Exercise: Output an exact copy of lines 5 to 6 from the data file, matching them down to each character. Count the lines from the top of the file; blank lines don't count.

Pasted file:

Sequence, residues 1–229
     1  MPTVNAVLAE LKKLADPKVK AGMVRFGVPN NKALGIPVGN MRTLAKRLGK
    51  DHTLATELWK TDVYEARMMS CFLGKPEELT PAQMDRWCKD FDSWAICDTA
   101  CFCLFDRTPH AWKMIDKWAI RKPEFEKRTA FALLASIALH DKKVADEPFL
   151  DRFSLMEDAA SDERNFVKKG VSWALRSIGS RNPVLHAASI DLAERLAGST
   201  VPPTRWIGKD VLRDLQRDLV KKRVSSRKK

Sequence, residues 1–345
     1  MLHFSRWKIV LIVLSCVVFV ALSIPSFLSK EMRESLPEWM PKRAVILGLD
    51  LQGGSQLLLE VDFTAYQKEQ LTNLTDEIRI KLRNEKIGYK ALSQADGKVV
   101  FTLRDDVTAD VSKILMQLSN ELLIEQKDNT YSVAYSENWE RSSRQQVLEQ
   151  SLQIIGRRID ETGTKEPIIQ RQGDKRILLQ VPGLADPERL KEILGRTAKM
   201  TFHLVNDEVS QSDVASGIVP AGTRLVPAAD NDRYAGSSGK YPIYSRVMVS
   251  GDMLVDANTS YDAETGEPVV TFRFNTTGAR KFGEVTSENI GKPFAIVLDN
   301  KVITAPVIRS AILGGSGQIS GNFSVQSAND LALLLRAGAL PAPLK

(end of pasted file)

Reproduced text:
   151  DRFSLMEDAA SDERNFVKKG VSWALRSIGS RNPVLHAASI DLAERLAGST
   201  VPPTRWIGKD VLRDLQRDLV KKRVSSRKK